"The Gospel is a permanent lesson of courage, generosity, and hard work," and is therefore "a strong denunciation of laziness," said Bishop Claudio Gimenez of Caacupe, Paraguay. During a strongly-worded homily in a Mass for pilgrims at the National Marian Shrine of Our Lady of Caacupe, Bishop Gimenez said: "Laziness is not only a dramatic problem in our society, but is also contrary the teachings of our faith. The Gospels denounce those who are lazy, those who do not look for a decent job, those who have money to drink beer but not to feed their children." He added, "To be a Christian means to accept a responsibility before society and to be someone willing to cooperate in the formation of a culture of justice and reconciliation."
The bishop also said: "Catholics are not afraid of poverty, suffering, and problems in life, but they do not cooperate with poverty or suffering with a weak attitude or a lack of energy in confronting the problems of life. Our capacity to accept suffering, to share the cross of Christ, cannot be used as a pretext to avoid hard work and be a victim of misery."
To the north in Central America's Paraguay, Cardinal Miguel Obando y Bravo of Managua, in the midst of increasing social tensions that some fear could cause a new armed rebellion, called for a "culture of dialogue" to enter the current political climate.
Several political tensions have been creating distress in Nicaragua's society in recent months, including The executive power vs. the supreme court, the ruling party vs. the Marxist Sandinistas in Congress, and between former Sandinista and Contra rebel groups. The rebels have threatened to take up arms again if the government does not provide them with land. In addition, several unions, including those of state workers and teachers, have begun marching in protest against the government.
"The only solution for administrative, social, or political problems in Nicaragua is through the creation of a culture of dialogue replacing the current culture of tension and violence," Cardinal Obando y Bravo said. He added that "each person must realize that there are no perfect solutions and that each side must give something in exchange." Later, making clear reference to Nicaragua's civil war, he said that "history is a good school where we can learn the dramatic consequences of irrational tensions and misunderstandings."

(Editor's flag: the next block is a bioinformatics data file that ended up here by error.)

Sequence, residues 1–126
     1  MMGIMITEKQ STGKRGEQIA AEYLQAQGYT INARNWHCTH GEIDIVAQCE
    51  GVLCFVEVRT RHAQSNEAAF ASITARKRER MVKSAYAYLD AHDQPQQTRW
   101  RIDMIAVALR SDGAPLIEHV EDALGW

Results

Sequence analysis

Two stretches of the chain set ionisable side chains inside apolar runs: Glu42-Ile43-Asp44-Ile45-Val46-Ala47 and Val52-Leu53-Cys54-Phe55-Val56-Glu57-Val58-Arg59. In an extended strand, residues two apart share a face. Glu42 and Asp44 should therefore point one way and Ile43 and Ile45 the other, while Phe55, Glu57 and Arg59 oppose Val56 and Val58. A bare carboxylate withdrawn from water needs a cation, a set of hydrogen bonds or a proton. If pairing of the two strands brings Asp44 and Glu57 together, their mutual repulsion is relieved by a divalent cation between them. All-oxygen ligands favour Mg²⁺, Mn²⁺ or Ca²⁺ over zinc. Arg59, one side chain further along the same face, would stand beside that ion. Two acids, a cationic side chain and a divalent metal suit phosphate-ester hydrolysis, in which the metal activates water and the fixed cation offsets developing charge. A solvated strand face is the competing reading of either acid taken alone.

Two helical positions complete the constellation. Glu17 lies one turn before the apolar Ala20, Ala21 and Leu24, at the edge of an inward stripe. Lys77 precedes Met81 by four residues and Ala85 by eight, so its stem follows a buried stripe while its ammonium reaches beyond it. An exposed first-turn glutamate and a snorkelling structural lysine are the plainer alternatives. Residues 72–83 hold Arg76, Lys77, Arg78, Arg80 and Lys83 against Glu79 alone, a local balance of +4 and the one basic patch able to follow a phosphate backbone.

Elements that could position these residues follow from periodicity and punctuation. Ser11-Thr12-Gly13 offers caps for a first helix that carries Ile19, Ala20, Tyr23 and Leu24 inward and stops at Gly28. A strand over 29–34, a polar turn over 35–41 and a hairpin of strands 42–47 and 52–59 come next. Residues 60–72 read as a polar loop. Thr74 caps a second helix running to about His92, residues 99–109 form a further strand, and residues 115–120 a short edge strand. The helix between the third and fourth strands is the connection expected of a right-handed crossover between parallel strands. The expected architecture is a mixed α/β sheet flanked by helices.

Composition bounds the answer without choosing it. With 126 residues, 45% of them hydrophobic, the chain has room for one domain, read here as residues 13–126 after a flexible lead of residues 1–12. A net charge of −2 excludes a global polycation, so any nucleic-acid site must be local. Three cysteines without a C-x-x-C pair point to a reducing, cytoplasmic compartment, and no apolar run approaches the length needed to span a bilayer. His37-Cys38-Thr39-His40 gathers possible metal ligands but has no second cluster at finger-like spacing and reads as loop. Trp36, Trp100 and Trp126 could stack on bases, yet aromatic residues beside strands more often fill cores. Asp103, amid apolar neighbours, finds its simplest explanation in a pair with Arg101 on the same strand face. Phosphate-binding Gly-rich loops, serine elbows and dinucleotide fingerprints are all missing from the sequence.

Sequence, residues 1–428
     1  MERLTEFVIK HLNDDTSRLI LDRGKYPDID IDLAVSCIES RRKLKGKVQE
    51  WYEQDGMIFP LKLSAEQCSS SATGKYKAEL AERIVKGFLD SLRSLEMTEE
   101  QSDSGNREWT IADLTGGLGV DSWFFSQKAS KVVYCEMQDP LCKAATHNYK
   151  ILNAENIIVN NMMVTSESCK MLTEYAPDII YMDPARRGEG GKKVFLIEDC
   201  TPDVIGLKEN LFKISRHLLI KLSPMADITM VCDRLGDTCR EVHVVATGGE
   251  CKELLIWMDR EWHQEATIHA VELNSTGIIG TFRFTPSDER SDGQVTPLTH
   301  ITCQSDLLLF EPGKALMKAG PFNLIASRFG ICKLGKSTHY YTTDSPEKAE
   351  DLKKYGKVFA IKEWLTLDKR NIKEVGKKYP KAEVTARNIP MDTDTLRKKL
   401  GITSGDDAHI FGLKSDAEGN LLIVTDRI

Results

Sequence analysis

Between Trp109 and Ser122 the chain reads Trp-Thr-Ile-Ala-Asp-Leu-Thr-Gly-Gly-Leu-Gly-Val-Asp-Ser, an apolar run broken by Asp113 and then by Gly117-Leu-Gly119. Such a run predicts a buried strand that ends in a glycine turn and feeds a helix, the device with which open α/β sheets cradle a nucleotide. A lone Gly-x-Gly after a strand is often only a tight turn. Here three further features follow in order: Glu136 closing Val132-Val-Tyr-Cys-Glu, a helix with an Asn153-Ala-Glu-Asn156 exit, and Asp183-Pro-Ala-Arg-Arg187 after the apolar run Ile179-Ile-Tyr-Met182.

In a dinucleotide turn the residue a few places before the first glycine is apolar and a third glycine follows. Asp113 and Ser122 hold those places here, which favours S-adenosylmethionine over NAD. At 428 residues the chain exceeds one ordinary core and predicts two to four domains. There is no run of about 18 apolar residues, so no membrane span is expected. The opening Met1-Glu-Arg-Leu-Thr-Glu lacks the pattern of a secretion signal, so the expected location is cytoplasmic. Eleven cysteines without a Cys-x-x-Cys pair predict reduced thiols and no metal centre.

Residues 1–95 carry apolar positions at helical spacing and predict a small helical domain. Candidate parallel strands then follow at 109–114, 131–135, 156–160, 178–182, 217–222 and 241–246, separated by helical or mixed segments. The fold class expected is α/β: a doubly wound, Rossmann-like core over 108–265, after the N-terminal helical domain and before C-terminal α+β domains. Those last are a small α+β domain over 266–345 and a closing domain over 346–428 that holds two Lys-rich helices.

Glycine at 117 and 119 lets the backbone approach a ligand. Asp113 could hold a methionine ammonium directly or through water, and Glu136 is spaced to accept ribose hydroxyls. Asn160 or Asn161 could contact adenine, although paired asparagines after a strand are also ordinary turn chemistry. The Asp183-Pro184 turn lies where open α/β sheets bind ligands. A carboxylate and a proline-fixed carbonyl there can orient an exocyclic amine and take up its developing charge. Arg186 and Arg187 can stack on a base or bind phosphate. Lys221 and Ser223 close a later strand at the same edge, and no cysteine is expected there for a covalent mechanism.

Meanwhile, while the Cardinal and Bishop were speaking out in the southern hemisphere of the Americas, on the other side of the Pacific rim in Manila Cardinal Jaime Sin said on Sunday that even though dictator Ferdinand Marcos is long gone, the Philippines still suffers with corrupt politicians.
Cardinal Sin, who was a key figure in the 1986 peaceful revolt that forced Marcos from power, marked the 12th anniversary of that event with a homily denouncing politicians who buy elections and accept kickbacks from special interests. At an open-air Mass attended by more than 10,000 people, including President Fidel Ramos and former President Corazon Aquino, the cardinal said Filipinos have short memories because they have forgotten the lessons of 1986.
"We are tempted to despair when great achievements of People Power are betrayed to the 'trapo' or squandered by the faint-hearted," Cardinal Sin said. He said the "trapo" were the politicians who cheated to get elected and manipulated people for selfish ends.
On Saturday, the cardinal was criticized by a presidential candidate for meddling in politics. Vice-President Joseph Estrada, the front-runner in the presidential race, criticized the cardinal for urging Filipinos not to be swayed by popularity polls in choosing their next president on May 11. "Do not just march with the popular. Go with the choice of conscience and morality," the cardinal had said in a statement which some newspapers interpreted as a call for voters to reject Estrada. Estrada has publicly acknowledged having engaged in many extramarital sexual affairs.